- Christian Armbruester
Captain Hindsight To The Rescue
If you look at history, some of the decisions with the biggest impact on the world were seemingly taken completely at random. How else can we explain Marmite? And who knows what we were thinking when we didn’t buy the emerging markets in 2009. Some of the fastest growing, global brands were down as much as 95%. The crash presented so many “once in a lifetime” opportunities, and yet most of us did absolutely nothing or, even worse, sold at the bottom (you know, "to reduce risk"). So, what is it about our decision-making process that means we get it so wrong, when it seems so perfectly obvious?
Recent research has shown that we make more than 35,000 decisions per day. I suppose this is true. By the time I leave for work in the morning, I have decided what I would have for breakfast, what suit, socks and underwear I am going to wear, which train to take and who is taking the kids to school. When we get to work, we have to make countless more decisions as part of tasks, functions, calculations, or assessments. All of them heavily scrutinised, analysed and possibly even used against us when we get it wrong. And I am not just talking about the compliance department. That seems like a lot of pressure to get all of these decisions right.
Can we get them all right or do some have priorities over others? Should we hence apply a scoring mechanism and keep track of the correctness of each decision? That way, we can learn, analyse historical patterns and potentially only make important decisions at precise time slots in the day, which would then give us the highest probability of success. And then you wonder, what about the people that make the really big decisions, how do they do it? Are they in a good state of mind, are they free of any adverse influences, and is it always a good time of the day when they make said important decisions? Yes, those people, the ones we trust with the nuclear bombs.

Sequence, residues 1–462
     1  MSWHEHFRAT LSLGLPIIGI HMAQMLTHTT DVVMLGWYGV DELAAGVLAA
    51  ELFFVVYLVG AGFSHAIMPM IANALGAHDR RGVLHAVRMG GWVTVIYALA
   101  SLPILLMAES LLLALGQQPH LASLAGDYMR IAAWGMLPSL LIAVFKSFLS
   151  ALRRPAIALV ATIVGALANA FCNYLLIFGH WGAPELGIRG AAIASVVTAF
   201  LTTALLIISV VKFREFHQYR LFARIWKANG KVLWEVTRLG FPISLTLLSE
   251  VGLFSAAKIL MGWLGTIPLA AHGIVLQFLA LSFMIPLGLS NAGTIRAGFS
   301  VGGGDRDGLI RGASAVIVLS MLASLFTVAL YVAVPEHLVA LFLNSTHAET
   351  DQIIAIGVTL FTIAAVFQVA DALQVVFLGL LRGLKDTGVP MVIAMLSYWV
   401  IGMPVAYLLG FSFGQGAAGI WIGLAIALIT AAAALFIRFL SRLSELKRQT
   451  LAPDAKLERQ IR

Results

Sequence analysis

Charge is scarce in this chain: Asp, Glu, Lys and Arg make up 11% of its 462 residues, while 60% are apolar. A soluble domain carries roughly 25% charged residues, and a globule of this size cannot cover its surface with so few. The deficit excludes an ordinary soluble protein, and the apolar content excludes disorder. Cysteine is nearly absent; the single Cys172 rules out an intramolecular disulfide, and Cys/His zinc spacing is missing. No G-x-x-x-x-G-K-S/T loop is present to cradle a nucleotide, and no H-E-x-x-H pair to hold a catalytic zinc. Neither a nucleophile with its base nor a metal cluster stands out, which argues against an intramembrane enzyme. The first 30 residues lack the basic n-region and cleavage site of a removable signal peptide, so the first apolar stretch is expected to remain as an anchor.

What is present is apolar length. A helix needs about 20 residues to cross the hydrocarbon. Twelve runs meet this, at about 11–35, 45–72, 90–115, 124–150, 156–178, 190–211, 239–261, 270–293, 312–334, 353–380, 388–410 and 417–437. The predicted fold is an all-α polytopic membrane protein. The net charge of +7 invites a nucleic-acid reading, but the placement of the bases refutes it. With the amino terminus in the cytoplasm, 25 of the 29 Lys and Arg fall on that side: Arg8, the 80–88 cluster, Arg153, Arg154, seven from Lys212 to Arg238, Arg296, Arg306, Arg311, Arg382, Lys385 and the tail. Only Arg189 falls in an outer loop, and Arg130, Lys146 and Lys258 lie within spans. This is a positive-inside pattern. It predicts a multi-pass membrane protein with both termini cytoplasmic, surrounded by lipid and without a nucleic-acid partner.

History has an unequivocal way of dealing with this, as decisions are placed within a series of actual outcomes. The effects of every decision and whether they are right or wrong are thus easy to see. And so, with the benefit of hindsight and two years removed from a seemingly random decision that will affect the fate of millions and influence generations to come, what is it today that is so obvious that it is practically screaming at us and yet seems to have so many people utterly confused? Brexit sucks!